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A user uses their mobile device to scan a QRpedia QR code. The device decodes the QR code into a web address. The address has the domain name "qrwp.org". The last part of the web address is the title of a Wikipedia article.
The QRpedia server then uses Wikipedia's API to find out if there is a version of the specified Wikipedia article in the language used by the device. If there is, it sends back the article in a mobile-friendly format. If there is no translation of the requested article, then the QRpedia server offers a choice of the available languages. It also offers a Google translation.
QRpedia was invented by Roger Bamkin, then chairman of Wikimedia UK, and Terence Eden. who is a mobile web consultant. It was unveiled on 9 April 2011 It was unveiled at Derby Museum's Backstage Pass event. The event was part of the GLAM/Derby collaboration between Derby Museum and Art Gallery and Wikipedia. During the collaboration, over 500 Wikipedia articles were also created. The articles were in several languages. The project's name is a made-up word, using the initials "QR" from "QR (Quick Response) code" and "pedia" from "Wikipedia".
QRpedia is used at:
- The Children's Museum of Indianapolis
- Derby Museum and Art Gallery
- Fundació Joan Miró, including a travelling exhibit shown at The Tate
- The National Archives, United Kingdom 
- The National Museum of Computing (UK)
- Sofia Zoo, Bulgaria
- The Welsh town of Monmouth, as part of Wikipedia's MonmouthpediA project.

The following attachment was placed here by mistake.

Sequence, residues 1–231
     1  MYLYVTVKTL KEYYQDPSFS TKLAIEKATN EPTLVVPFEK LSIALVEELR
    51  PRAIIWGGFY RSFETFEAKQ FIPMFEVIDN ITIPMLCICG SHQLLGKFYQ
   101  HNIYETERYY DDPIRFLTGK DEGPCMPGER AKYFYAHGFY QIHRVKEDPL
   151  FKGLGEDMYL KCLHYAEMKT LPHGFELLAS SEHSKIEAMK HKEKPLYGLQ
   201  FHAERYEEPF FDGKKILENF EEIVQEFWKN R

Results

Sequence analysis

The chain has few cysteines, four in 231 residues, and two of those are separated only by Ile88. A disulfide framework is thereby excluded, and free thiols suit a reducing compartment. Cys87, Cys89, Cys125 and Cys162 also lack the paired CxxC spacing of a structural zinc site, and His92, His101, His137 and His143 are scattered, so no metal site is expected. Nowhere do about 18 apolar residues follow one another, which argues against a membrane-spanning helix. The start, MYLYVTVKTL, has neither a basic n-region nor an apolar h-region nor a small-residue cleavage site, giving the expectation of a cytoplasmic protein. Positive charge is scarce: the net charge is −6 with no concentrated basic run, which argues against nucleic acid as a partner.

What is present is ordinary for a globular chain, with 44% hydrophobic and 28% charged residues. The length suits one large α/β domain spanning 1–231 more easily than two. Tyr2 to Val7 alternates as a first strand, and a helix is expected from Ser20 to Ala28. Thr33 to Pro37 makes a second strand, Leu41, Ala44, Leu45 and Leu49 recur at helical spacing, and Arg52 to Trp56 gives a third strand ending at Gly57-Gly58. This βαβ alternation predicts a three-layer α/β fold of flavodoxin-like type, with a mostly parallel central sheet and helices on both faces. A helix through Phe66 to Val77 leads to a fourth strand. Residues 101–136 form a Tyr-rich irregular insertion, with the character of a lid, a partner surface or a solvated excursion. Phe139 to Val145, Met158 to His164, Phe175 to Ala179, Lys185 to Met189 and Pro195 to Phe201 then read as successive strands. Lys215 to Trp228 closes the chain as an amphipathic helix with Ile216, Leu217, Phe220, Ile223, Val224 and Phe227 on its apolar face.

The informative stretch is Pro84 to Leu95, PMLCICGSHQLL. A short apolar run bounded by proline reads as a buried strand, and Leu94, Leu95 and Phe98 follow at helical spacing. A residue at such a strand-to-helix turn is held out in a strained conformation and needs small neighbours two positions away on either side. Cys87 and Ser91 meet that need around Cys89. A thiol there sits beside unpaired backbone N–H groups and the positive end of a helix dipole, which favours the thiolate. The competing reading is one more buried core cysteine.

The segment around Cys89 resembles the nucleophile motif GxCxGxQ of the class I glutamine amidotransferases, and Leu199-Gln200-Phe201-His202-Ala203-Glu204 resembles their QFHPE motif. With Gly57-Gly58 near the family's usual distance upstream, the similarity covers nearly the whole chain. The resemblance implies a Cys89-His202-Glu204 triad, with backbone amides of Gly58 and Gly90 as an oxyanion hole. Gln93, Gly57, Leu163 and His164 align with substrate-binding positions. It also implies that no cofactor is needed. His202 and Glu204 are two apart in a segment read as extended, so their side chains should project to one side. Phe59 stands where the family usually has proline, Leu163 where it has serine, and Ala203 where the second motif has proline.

- The New Art Gallery Walsall
- Eden, Terence (2011-04-03). "Introducing QRpedia". http://shkspr.mobi/blog/index.php/2011/04/introducing-qrpedia/. Retrieved 25 August 2011.
- Anon (2011-08-19). "The Children's Museum of Indianapolis Creates New Learning Opportunities through Wikipedian-in-Residence". The Children's Museum of Indianapolis. http://www.childrensmuseum.org/Childrens-Museum-Indianapolis-Creates-New-Learning-Opportunities-through-Wikipedian-in-Residence. Retrieved 25 August 2011.
- Byrd Phillips, Lori (2011-06-15). "Going Multilingual with QRpedia". Marcus Institute for Digital Education in the Arts. http://midea.nmc.org/2011/06/qrpedia/. Retrieved 25 August 2011.
- "QRpedia Statistics (example)". http://qrwp.org/stats.php?path=QRpedia. Retrieved 12 December 2011.
- "Board". Wikimedia Foundation. Wikimedia UK. http://uk.wikimedia.org/wiki/Board. Retrieved 25 August 2011.
- Anon (2011-05-21). "Quiet Realities". Imperica. http://www.imperica.com/features/quiet-realities. Retrieved 25 August 2011.
- Various. "Derby Backstage Pass". Wikimedia Foundation. Wikimedia UK. http://uk.wikimedia.org/wiki/Derby_Backstage_Pass. Retrieved 25 August 2011.
- "qrwp - QR Redirection to Wikipedia". Google Project Hosting. http://code.google.com/p/qrwp/. Retrieved 25 August 2011.
- Byrd Phillips, Lori (2011-07-29). "QR codes + Wikipedia = QRpedia". The Children's Museum of Indianapolis. http://blog.childrensmuseum.org/blog/wikipedian-in-residence/qr-codes-wikipedia-qrpedia. Retrieved 25 August 2011.
- Hinojo, Alex (2011-05-11). "QRpedia Codes at Fundació Joan Miró". The GLAM-Wiki Experience. http://theglamwikiexperience.blogspot.com/2011/05/qrpedia-codes-at-fundacio-joan-miro.html. Retrieved 25 August 2011.
- "New collaboration between Wikimedia UK and The National Archives". The National Archives (United Kingdom). 2011-09-15. http://www.nationalarchives.gov.uk/news/620.htm. Retrieved 16 September 2011.
- Eden, Terence (2011-09-18). "National Archives and QRpedia". http://shkspr.mobi/blog/index.php/2011/09/national-archives-and-qrpedia/. Retrieved 18 September 2011.
- "Become an instant expert with a little help from your mobile". Smart UK Project. 2012-02-02. http://www.smartukproject.co.uk/archives/1750. Retrieved 2 February 2012.
- "Monmouth to be Wales' first WiFi town". Monmouth Today. 2012-02-29. http://www.monmouth-today.co.uk/news.cfm?id=7508&headline=Monmouth%20to%20be%20Wales'%20first%20WiFi%20town. Retrieved 1 March 2012.
- "We Don't Make Demands: Posters". 2011-12-02. http://wedontmakedemands.org/posters.php. Retrieved 2 December 2011.